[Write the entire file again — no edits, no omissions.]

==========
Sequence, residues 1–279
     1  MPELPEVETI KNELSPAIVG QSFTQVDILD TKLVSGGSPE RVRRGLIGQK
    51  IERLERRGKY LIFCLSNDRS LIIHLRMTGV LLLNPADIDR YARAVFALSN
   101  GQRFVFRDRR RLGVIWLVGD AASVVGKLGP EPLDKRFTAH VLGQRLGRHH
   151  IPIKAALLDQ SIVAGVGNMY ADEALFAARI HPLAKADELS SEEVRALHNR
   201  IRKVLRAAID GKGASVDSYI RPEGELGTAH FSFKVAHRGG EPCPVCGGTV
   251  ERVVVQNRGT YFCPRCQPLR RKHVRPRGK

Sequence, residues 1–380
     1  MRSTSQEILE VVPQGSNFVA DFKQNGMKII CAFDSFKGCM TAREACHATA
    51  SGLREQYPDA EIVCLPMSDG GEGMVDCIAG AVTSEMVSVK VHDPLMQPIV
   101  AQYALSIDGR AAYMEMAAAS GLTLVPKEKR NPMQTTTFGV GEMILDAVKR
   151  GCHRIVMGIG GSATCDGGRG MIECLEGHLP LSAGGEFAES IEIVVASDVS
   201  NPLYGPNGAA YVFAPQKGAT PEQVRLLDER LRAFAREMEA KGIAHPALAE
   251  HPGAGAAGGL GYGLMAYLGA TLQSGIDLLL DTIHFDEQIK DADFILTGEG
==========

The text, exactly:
Sequence, residues 1–279
     1  MPELPEVETI KNELSPAIVG QSFTQVDILD TKLVSGGSPE RVRRGLIGQK
    51  IERLERRGKY LIFCLSNDRS LIIHLRMTGV LLLNPADIDR YARAVFALSN
   101  GQRFVFRDRR RLGVIWLVGD AASVVGKLGP EPLDKRFTAH VLGQRLGRHH
   151  IPIKAALLDQ SIVAGVGNMY ADEALFAARI HPLAKADELS SEEVRALHNR
   201  IRKVLRAAID GKGASVDSYI RPEGELGTAH FSFKVAHRGG EPCPVCGGTV
   251  ERVVVQNRGT YFCPRCQPLR RKHVRPRGK

Sequence, residues 1–380
     1  MRSTSQEILE VVPQGSNFVA DFKQNGMKII CAFDSFKGCM TAREACHATA
    51  SGLREQYPDA EIVCLPMSDG GEGMVDCIAG AVTSEMVSVK VHDPLMQPIV
   101  AQYALSIDGR AAYMEMAAAS GLTLVPKEKR NPMQTTTFGV GEMILDAVKR
   151  GCHRIVMGIG GSATCDGGRG MIECLEGHLP LSAGGEFAES IEIVVASDVS
   201  NPLYGPNGAA YVFAPQKGAT PEQVRLLDER LRAFAREMEA KGIAHPALAE
   251  HPGAGAAGGL GYGLMAYLGA TLQSGIDLLL DTIHFDEQIK DADFILTGEG